That’s just crazy stuff! More than half a ton of sanitary towels containing a radioactive substance were seized today at the Beirut Rafic Hariri Airport. The pads confiscated were all Chinese-made and delivered to Lebanon through Dubai. The news were reported by Reuters but they didn’t mention what level of radioactivity had been detected.
I think this is far worse than expired or rotten products and I hope the authorities will be able to trace back the source and see if any radioactive products are being sold in the market. We need to know the name of the company and who the hell is sending half a ton of radioactive sanitary towels to our market. On another note, this is the first time I hear about the Lebanese Atomic Energy Agency. I had no clue we had such a thing in Lebanon so I looked up a bit and found a website and the below info:
The Lebanese Atomic Energy Commission (LAEC) was established in 1996 with the support and collaboration of the International Atomic Energy Agency and the Arabic Atomic Energy Commission, in order to promote the peaceful application of atomic energy in Lebanon. The Commission is the only institution of its kind within the CNRS. Recently through its operational arm a radiation protection infrastructure is being established. The Commission is currently involved in environmental and food monitoring programmes using state of the art equipment and techniques.
Joumana Haddad is Lebanese journalist, activist, poet, instructor, author and the head of the cultural pages for An Nahar newspaper, as well as the editor-in-chief of Jasad magazine, a controversial Arabic magazine specialized in the literature and arts of the body. She’s an exceptional woman that speaks seven languages and was recently ranked among the 100 Most Powerful Arab Women in 2015.
Joumana was supposed to fly to Bahrain on the 6th of April to attend a cultural event, however an online campaign (#البحرين_لا_ترحب_بالملحدين) was started against her visit and as a result, she was denied entrance because she’s an atheist and a threat to society. How is being an atheist a threat to society? Unless Joumana chops heads off and trains terrorists while pretending to write poetry, I think that’s the most pathetic thing I’ve ever heard of.
In all cases, it’s their loss as any country should be proud of having women like Joumana Haddad.
Update (19 March 2015):: Here’s a small french text I found about the monument
“Le groupe en bronze sculpté par un italien du nom de Mazzucati a pris la place du monument en pierre de Youssef Hoyeck représentant deux femmes, l’une chrétienne, l’autre musulmane. Considérées comme pas assez «glorieuses», les pleureuses Hoyeck n’on connu qu’heurs et malheurs: Attaquées par un fou en 1948, déboulonnées en 1960, elles furent retrouvées enduites de goudron dans un dépôt avant d’être finalement restaurées et exposées dans le jardin du musée Sursock ou elles sont désormais bichonnées par la passionnée conservatrice Sylvia Agémian. La mobilité des monuments et leur déboulonnage institutionnalisé ont fait des émules chez les voisins: Au printemps 2005, portraits équestres, en pied ou en buste à l’effigie de chefs d’états, fils de chefs d’états et fils de chefs d’états devenus chefs d’états qui enjolivaient le pays furent démantelés et évacués par leurs propriétaires, mêmes. “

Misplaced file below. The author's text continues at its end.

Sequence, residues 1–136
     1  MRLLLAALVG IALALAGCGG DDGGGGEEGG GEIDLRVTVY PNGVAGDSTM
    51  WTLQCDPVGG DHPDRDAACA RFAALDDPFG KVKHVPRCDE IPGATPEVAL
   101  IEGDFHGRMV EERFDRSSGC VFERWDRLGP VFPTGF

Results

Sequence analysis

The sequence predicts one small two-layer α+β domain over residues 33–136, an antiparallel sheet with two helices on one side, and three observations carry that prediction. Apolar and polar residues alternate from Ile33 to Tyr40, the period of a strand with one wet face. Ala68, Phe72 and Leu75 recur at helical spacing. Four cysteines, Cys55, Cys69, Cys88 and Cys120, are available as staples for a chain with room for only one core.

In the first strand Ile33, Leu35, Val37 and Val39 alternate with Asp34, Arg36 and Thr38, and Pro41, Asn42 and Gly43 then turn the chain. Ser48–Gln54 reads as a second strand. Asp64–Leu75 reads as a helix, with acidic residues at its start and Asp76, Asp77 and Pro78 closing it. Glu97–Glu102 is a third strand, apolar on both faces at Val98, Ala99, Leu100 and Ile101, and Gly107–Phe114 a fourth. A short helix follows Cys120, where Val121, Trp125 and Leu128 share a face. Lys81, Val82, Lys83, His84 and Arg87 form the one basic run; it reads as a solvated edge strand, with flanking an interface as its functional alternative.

It basically says that “Les Pleureuses” which were built by Joseph Hoayek were damaged by a crazy man in 1948 and then were removed and displayed at Musee Surosck where they still are. One of the readers promised to send me a picture. I will post it once available.
Update2 (20 March 2015): I got two close-up pictures of the monument from one of the blog’s readers. Thanks a million Maissa!
I was going through old pictures of Martyrs Square and I found this very old picture of a monument of a Christian and a Muslim Lebanese women holding hands that was apparently removed in the 1950s right before the construction of the Martyrs Monument. I’ve never heard of that monument before and I couldn’t find out why they decided to remove it and replace it with the Italian sculptor Renato Marino Mazzacurati statue that we all are familiar with.
I tried looking at old pictures of Martyrs Square (Before 1950) to try and locate where the monument was but couldn’t really figure it out. However if you notice the monument was right below the Philips sign which is showing in newer pictures (1950s and up). I know it’s not a big deal but it would be nice to know the story behind that statue, how it came be and where it is now. Here are a couple of pictures of how Martyrs Square looked in the 1930s and a newer one from the 1950s.
PS: If anyone has further information on that statue, please do share.
Martyrs Square in the 1930s
Martyrs Square in the 1930s
Martyrs Square in the 1950s: Notice the Philips sign